PRAYER: Merciful Father, fill my heart with love so I can forgive others as you forgive me. Amen.

KNOW YOUR FAITH: YOUCAT 227Who instituted the sacrament of penance?

Jesus himself instituted the Sacrament of Penance when he showed himself to his apostles on Easter day and he commanded them, “Receive the Holy Spirit. If you forgive the sins of any, they are forgiven; If you retain the sins of any, they are retained”. Jesus forgave sins in the power of the Holy Spirit, and he handed that power on to his apostles. We fall into the arms of our heavenly Father when we go to a Priest and confess.

HIDE A TREASURE: “Happy are those who are merciful to others; God will be merciful to them!” Matthew 5:7 GNB

Today’s Readings: Hosea 4: 2-10; Psalm 81: 6-11,14,17; Mark 12: 28-34


Saturday 27th February – Saturday of the 2nd week of Lent

Reflection: Luke 15: 1-3, 11-32


The Sacrament of Reconciliation is one of the two sacraments of healing in the Church; it obtains pardon from God for the offense committed against Him and by the Priest’s sacramental absolution, God grants the penitent “pardon and peace”. In approaching the Sacrament of Reconciliation, the first step is Interior Penance; recognition of guilt with repugnance towards the evil actions we have committed. Next is a contrite heart; sorrow of the soul and detestation for the sin committed, together with the resolution not to sin again. Then comes the confession of sins to the priest after a diligent self-examination. Lastly, the Satisfaction; is fulfilling the penance given by the priest in order to make amends for the sin.

The Prodigal Son’s process of conversion stems from a recognition of his deep humiliation at finding himself obliged to feed swine, his reflection on all he had lost, a sorrowful heart for what he had done, his repentance and decision to declare himself guilty before his father; the journey home. Up to this point he had lived “outside “of himself; now in the language of the Gospel he “enters into himself”, that is, he begins to look inwards and see his true nature.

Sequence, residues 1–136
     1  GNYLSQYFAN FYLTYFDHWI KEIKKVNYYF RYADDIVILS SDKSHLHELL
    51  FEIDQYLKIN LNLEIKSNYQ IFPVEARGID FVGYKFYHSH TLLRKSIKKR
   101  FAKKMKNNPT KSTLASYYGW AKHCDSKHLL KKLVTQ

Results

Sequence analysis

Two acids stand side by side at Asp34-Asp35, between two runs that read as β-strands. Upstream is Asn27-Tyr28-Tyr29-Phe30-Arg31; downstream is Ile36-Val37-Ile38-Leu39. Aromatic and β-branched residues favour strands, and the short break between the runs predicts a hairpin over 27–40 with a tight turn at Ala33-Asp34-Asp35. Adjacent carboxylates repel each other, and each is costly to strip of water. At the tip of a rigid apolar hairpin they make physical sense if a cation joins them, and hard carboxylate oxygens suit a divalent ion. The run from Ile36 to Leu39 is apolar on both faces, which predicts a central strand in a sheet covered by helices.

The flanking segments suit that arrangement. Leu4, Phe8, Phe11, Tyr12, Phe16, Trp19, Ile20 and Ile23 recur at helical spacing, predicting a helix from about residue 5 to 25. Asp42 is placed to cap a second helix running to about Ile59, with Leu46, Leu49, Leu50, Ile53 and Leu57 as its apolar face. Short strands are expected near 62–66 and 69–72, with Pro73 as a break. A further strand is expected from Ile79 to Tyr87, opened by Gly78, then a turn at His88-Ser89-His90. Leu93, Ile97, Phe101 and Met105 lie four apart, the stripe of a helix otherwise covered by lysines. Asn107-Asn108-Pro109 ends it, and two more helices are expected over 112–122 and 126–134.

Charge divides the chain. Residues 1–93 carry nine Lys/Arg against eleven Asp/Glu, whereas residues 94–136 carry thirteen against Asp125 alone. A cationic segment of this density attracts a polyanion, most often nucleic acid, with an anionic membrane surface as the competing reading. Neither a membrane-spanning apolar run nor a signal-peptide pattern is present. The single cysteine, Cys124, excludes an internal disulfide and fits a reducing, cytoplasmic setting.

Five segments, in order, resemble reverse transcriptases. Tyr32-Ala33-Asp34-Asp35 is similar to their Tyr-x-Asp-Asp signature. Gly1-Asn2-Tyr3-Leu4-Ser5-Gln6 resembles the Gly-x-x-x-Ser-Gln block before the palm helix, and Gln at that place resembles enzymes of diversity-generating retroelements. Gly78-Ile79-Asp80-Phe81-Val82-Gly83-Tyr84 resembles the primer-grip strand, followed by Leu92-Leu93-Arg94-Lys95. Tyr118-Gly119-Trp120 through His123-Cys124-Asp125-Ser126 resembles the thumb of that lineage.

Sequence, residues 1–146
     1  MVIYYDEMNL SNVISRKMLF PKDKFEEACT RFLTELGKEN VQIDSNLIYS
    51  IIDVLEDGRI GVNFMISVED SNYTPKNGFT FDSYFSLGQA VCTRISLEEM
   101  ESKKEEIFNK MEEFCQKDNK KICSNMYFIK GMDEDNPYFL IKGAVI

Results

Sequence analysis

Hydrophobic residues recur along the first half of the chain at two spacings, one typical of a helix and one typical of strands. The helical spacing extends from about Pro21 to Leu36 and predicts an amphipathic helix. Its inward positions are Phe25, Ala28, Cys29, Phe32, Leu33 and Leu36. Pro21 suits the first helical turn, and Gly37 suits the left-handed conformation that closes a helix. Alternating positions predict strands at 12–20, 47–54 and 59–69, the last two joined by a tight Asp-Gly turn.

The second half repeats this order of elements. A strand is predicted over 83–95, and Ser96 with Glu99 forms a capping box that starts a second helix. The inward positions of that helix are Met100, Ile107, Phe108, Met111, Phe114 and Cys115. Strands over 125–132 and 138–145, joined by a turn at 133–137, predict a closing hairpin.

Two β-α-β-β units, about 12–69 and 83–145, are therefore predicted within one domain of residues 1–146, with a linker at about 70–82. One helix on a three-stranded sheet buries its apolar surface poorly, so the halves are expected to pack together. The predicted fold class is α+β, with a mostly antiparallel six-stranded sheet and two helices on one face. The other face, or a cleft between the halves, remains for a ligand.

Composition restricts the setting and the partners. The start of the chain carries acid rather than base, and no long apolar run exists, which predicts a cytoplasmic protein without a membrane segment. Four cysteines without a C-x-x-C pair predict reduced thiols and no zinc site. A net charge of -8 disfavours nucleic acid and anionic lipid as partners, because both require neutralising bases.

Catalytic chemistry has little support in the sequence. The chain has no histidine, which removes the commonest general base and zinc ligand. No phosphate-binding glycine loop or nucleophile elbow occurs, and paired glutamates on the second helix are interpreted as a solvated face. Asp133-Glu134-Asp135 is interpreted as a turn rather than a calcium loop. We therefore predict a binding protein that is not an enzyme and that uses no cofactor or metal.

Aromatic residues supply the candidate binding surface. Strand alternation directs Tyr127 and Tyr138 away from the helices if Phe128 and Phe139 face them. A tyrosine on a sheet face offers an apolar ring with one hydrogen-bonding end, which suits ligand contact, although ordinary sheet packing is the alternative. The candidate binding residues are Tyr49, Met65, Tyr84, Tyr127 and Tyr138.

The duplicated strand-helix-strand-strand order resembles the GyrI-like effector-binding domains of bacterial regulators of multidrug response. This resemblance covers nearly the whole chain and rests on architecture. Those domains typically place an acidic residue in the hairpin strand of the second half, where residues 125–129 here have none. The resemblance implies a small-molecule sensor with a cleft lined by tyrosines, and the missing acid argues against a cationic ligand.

When he starts back, he finds that the father is out on the roadway ready to welcome him back. Forgiveness meets us more than halfway. The father’s generous welcome; the father’s joy – all these are characteristic of the process of conversion. The Beautiful robe, the ring and the festive banquet are symbols of that new life – pure, worthy and joyful – of anyone who returns to God and to the bosom of His Family, which is the Church.

Dear Friends, let us take time to reflect and identify areas of our life where we have strayed from God, let us be sorrowful for them and pray for the grace to fully complete our conversion process. Remember, no matter how bad your past might have been, you can always begin anew with God. Today God calls us to conversion; He calls us to journey home.